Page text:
Oct. 19th, 2016

I'm keeping to my once a month update, and this one has been busier than most. Though it seems I've said that most months this year...

Highlight of weirdness as the book launch for "Thirty Years of Rain". It's an anthology of stories to celebrate the 30th anniversary of the Glasgow Science Fiction Writers' Circle. Or the GSFWC, as it's called in most places, or The Circle, as past and present members tend to call it.

I found out about the anthology the day before submissions closed, tossed off a quick 2,500 words or so, and was gratified when it was accepted. For one thing, it put me in the same book as some lovely people, including, for the first time, Bill King, who's been my best friend since the early 90s.

I went slightly meta-fictional, setting the story in the Bon Accord (a popular haunt of the Circle) in the late 80s, at the time I first thought I'd try my hand at submitting to the Glasgow Herald Short Story competition. It was my take on what those days felt like, and if I have been supremely upstaged by the final story in the collection (a superb long tale called "The Circle" a fiction on writers' circles and on friendship and on soap opera) then there's no shame in that.  It's no small thing to say that joining the Circle changed my life - as well as the aforementioned best friend, I met my future ex-wife through the group, as well as the best boss I've ever had and some people who still hate me, or love me, or couldn't give a damn one way or another.

It was the time of William Gibson books, of mirror-shades and 72 hour drunks in off-season hotels, of loving well if not wisely, of turkey shoots and combat Twister, of growing up, eventually. In 1993 I left Glasgow for Newcastle to get married, trailing clouds of something behind me, and for a long while I took a certain pride in being the black sheep of the family.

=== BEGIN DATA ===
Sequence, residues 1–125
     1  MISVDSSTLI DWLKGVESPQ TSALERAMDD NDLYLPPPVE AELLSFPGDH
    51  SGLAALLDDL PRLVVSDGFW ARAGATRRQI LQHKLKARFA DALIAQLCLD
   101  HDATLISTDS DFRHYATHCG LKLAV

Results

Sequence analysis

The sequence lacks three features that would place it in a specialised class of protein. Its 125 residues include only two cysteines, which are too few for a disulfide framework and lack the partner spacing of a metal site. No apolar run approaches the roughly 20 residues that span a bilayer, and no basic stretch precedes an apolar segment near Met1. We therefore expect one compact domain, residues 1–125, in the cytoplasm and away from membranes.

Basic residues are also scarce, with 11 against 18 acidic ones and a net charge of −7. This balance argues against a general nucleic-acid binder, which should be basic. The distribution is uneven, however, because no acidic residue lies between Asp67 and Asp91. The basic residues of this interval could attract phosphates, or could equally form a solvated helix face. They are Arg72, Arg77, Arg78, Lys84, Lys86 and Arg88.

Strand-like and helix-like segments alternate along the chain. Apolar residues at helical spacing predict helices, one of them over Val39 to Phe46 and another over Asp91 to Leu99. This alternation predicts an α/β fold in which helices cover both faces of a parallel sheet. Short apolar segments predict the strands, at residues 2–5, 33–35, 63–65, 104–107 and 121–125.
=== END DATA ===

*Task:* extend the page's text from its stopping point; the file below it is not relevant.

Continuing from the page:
Fast-forward 23 years, and I was in the same room as Barry, Al, Mike, Jims S and C, Craig and Elsie, and we were talking again about stories. There were many others there, some of whom I've met since 93 (Neil and Brian and Elaine for a start, and Neil, who apparently I met outside an Amanda Palmer gig, long ago) and a long list of absent friends, Bill and Gary, Phil, Veronica and Irene, and, most of all, Duncan, who started the ball rolling.

We looked, I think, much the same. Well, some of us have acquired gravitas (or, at least, gravity) but some really have mastered the art of stepping outside the timestream - I'm looking at Elsie Donald, Craig Marnock, and Hal Duncan. Hal looks elegantly wasted, of course, but he's looked that was since he was 17.

I signed books. I drank a little wine. I let the years drop away, and I reassured a somewhat bewlidered girlfriend that these were my tribe. And that most of them didn't bite.

Don't look back, the laureate says, but I did, and I didn't turn to salt.

I'd say goodbye to them, the jokers and the thieves, the heroes and villains, the happy and the sad, but they aten't dead, they haven't gone. There are new members now, bright eyed, bushy tails, flourishing their barbed tongues and sharp eyes like unrusted weapons. I salute them, pass on the baton, and reflect that it there's one thing you can say about a Circle it's that it keeps on rolling.

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